“President Xi responded ‘Look, peace is all well and good, but at some point we need to move towards resolution more generally’,” the official quoted Xi as saying.

Xi also urged the United States to stop sending weapons to Taiwan and support China’s peaceful “reunification” with Taiwan, Chinese state media said.

Bonnie Glaser, a Taiwan expert at the Germen Marshall Fund of the United States, said Xi seemed to have conveyed both threats and assurances on Taiwan.

“The suggestion that a resolution needs to be found in the near term is a worrisome sign, even if he emphasized that there are no plans for military action against Taiwan in the coming years,” she said.

Biden said he asked Xi to use his influence with Iran to urge Tehran not to launch proxy attacks on U.S. targets in the Middle East as the Israel-Hamas conflict continues in Gaza.


Biden welcomed the Chinese leader at the Filoli estate, a country house and well-manicured gardens about 30 miles (48 km) south of San Francisco, where they will move later for a summit of the Asia-Pacific Economic Cooperation (APEC) forum.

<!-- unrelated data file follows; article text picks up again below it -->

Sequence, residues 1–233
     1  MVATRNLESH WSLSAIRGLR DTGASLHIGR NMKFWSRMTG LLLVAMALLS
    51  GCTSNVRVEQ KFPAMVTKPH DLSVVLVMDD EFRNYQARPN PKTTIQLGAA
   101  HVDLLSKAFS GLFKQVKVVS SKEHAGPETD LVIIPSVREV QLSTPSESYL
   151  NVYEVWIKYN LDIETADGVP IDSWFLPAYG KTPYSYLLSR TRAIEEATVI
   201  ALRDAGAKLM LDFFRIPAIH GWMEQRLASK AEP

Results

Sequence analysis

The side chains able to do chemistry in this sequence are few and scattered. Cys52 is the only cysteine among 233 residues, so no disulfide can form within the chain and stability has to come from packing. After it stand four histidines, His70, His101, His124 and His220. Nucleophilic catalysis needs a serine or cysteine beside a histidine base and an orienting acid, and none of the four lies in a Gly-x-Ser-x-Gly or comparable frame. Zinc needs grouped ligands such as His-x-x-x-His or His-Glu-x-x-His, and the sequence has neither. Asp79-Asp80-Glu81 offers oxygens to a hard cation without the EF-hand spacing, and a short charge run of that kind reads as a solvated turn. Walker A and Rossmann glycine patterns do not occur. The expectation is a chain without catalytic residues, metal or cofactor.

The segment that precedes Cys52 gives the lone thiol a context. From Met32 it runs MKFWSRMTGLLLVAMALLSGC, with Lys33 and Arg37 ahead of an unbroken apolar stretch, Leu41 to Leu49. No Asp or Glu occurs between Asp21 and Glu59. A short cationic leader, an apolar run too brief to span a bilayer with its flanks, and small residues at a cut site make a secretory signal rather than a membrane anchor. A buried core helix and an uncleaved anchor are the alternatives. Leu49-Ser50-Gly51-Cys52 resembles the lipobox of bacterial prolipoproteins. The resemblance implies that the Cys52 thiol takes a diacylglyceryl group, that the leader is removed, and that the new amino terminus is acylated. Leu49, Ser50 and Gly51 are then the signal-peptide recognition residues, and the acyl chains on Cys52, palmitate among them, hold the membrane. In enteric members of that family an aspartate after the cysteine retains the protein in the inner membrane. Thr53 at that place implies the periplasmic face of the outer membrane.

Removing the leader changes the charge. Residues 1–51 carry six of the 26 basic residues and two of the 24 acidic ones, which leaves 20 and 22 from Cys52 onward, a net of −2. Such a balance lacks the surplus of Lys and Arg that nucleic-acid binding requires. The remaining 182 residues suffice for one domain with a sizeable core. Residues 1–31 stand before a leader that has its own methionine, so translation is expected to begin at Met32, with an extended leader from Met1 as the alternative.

APEC meets amid relative Chinese economic weakness, Beijing’s territorial feuds with neighbors and a Middle East conflict that is dividing the United States from allies.

Xi came into the meeting looking for respect from the United States as China’s economy struggles to recover from sluggish growth.

Biden, who had long sought the meeting, struck a warm, welcoming tone. Video of the two clasping hands in farewell after the meeting was posted on X by the Global Times, China’s state-backed tabloid.